[SharePad] Screening For My Next Long-Term Winner: Avon Rubber

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21 January 2021
By Maynard Paton

Happy 2021!

I trust SharePad will help bring you good fortune in what could be another twelve months of financial thrills and spills.

As usual I plan to trawl the market for interesting shares that I hope assists your company analysis and stock-picking.

I start the year with Avon Rubber, a FTSE 250 member that has rewarded shareholders handsomely since 2009 but recently experienced a trading wobble.

Read my full Avon Rubber article for SharePad.

Maynard Paton

2 thoughts on “[SharePad] Screening For My Next Long-Term Winner: Avon Rubber”

  1. hi Maynard

    I enjoyed reading your review of AVON, a very messy one for you to review with all the ongoing changes (disposals, acquisitions, contract delays, optimistic forecasts, confusions with change from £’s to $’s etc).

    One additional point of interest which you didn’t touch on was the Defined Benefits Pension Fund deficit (rather topical given your recent review of Norcross). You may have considered this rather small beer in relation to everything else going on here but there do appear some issues of concern.

    The scheme deficit has increased over the past 3 years (£40.5m / £54.1m / £62.5m).

    Scheme asset values have increased from £316m to £350m but the mix of investments includes an unusually high proportion of equity investments resulting in a profit of £40m in 2019 and a loss of £9m in 2020.

    Annual benefits paid in both 2019 and 2020 were £17m. Investment income plus company agreed deficit funding contributions came to £10m (2019) and £8m (2020) thus covering only around half of the annual benefits due.

    In addition the company paid a one off £20m contribution in 2020 from the proceeds of the sale of a subsidiary (balance used to purchase Team Wendy). Without this the scheme assets would be £20m less and the deficit £20m more at £83m set against adjusted 2020 profits of £30m.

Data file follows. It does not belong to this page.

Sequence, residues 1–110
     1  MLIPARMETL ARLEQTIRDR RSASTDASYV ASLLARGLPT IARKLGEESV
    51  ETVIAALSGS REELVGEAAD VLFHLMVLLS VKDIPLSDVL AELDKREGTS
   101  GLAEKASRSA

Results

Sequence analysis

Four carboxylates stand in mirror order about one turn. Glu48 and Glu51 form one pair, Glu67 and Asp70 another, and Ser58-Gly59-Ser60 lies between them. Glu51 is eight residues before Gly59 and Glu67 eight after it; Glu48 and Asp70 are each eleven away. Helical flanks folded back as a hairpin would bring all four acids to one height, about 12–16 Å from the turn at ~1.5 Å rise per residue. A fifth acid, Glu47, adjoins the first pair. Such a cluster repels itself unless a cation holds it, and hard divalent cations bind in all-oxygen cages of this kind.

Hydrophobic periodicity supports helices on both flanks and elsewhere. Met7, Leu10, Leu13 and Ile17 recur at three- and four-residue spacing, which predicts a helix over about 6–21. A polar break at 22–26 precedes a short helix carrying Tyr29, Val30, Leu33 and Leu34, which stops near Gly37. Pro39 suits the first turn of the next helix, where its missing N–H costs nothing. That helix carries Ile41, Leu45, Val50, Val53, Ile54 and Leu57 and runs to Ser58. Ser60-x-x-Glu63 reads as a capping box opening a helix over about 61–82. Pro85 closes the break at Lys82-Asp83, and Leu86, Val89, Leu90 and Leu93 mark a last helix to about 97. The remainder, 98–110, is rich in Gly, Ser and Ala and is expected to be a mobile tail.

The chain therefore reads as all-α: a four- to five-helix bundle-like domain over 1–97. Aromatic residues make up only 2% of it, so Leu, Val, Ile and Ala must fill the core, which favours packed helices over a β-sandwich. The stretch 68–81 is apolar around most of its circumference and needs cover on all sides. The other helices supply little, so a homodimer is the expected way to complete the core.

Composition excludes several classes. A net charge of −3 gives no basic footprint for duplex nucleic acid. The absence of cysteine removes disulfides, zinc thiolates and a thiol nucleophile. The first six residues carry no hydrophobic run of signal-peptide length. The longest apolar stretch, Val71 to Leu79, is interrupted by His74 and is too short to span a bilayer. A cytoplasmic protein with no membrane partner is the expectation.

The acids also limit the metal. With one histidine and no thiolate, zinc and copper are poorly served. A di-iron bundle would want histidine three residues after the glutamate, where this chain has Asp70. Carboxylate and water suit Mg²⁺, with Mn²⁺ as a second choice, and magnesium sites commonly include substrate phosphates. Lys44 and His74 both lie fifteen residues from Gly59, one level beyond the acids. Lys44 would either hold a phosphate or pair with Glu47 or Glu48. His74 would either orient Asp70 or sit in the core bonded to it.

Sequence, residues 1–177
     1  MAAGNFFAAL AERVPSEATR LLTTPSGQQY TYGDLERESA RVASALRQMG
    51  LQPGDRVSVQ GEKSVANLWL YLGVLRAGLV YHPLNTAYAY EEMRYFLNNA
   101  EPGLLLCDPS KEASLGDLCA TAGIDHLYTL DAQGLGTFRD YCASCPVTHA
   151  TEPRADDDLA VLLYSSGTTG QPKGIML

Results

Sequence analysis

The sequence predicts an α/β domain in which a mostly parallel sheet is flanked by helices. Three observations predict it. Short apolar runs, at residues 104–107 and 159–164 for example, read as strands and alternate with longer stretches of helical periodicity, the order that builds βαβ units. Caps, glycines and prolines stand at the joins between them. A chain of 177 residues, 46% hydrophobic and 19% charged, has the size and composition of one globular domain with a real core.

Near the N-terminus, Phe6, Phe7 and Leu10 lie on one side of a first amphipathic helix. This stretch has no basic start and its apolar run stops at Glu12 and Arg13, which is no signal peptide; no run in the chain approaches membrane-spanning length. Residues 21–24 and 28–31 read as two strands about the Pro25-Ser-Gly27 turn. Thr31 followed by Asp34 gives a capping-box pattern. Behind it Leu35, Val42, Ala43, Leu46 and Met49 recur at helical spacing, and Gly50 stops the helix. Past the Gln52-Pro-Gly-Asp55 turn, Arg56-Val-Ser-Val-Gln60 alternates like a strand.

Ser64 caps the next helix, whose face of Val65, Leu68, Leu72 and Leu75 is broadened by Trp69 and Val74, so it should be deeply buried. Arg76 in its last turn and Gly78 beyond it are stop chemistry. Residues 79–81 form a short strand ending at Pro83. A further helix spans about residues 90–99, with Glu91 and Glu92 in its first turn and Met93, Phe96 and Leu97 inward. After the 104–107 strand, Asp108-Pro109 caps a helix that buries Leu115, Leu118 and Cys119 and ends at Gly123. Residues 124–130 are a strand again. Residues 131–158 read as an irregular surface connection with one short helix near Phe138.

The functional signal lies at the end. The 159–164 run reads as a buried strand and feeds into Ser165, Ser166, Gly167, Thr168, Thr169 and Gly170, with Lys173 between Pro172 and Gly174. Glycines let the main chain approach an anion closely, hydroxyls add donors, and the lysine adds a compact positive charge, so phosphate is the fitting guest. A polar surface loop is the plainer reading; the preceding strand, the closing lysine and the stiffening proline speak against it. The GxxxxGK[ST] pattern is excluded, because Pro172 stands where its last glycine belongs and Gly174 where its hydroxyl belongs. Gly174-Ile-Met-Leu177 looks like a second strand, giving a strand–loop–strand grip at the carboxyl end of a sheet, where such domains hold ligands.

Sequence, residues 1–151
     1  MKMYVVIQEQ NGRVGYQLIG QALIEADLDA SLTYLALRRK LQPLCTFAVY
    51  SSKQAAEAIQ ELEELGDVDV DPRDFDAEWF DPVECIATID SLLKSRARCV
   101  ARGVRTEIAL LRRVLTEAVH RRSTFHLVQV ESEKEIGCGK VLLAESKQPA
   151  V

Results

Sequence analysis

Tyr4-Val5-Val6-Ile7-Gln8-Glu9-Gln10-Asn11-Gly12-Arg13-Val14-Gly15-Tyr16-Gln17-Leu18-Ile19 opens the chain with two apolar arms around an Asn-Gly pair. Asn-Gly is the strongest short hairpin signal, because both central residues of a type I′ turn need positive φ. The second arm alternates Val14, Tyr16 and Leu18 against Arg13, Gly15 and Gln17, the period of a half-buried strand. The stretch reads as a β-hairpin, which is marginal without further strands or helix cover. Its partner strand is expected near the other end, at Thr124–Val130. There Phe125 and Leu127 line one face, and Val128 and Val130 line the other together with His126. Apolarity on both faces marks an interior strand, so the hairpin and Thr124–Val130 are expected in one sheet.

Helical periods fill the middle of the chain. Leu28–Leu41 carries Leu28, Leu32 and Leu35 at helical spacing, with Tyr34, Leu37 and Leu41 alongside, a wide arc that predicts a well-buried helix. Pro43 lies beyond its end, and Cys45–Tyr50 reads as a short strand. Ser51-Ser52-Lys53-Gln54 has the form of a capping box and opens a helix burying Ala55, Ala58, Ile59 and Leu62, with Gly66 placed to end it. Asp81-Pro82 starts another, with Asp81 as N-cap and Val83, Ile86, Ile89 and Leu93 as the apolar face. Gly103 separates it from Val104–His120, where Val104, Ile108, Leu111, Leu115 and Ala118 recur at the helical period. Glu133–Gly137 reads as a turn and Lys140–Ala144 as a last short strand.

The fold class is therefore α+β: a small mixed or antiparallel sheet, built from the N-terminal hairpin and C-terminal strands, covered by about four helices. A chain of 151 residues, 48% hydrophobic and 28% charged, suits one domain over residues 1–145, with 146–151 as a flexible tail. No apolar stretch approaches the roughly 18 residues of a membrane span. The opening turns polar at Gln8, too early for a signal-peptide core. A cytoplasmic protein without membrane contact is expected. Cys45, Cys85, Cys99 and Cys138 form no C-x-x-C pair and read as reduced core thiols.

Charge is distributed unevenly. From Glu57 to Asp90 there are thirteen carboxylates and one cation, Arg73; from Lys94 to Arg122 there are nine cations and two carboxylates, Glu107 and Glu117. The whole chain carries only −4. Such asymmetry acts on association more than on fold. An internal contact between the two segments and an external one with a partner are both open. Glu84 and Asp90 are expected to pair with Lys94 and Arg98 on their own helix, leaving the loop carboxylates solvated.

Assuming the agreed company contribution remains at £1.8m the scheme need to earn a yield of 4.4% (unlikely) on assets of £350m to cover the shortfall in benefits due of £17m.

    I accept there are a lot of moving parts and we are yet to see the benefit of full year contributions from recent acquisitions which should produce an improved position. However, the pension deficit still looks likely to remain sizeable in relation to profitability in the absence of increased company contributions.

    Given your stated views on defined benefit pension schemes I am wondering if this would be a sufficient red flag to deter you from investing in AVON?

    As always your views would be much appreciated.

    Peter

    ps Disclosure – I own AVON shares

    Reply
    • Hi Peter

      Thanks for the comment. Must admit I overlooked the pension situation at AVON. Probably too distracted by everything else going on within the accounts!

      Situation does not look great. Five-year summary below:

      Exclude the £20m one-off contribution, and income of £42.1m plus contributions of £6.5m are £36.5m short of the £85.1m benefits paid.

      To get to the BT/BAE-type footing, AVON ought to have pumped a further £7.3m a year into the scheme. Such a sum is not insignificant when 2020 adjusted operating profit was £30m.

      I note the scheme’s annual income has dropped considerably since 2016, which is not ideal.

      Seems as if AVON switched an aggregate £100m from equities, its LDI and cash into two funds last year:

      

I presume these funds are biased towards income, but the small-print does not make that clear:

      The Secured Income fund and Infrastructure fund are classified as level 3 within the fair value hierarchy. Holdings in the secured income fund is valued at fair value which is typically the Net Asset Value provided by the fund administrator at the most recent quarter end. Holdings in the infrastructure fund are valued by an independent valuer using a model-based valuation such as a discounted cash flow approach. The significant assumptions used in the valuation are the discount rate and the expected cash flows.

      All told the pension situation is a negative for me and adds to the concerns I expressed within the SharePad article.

      Maynard

      Reply

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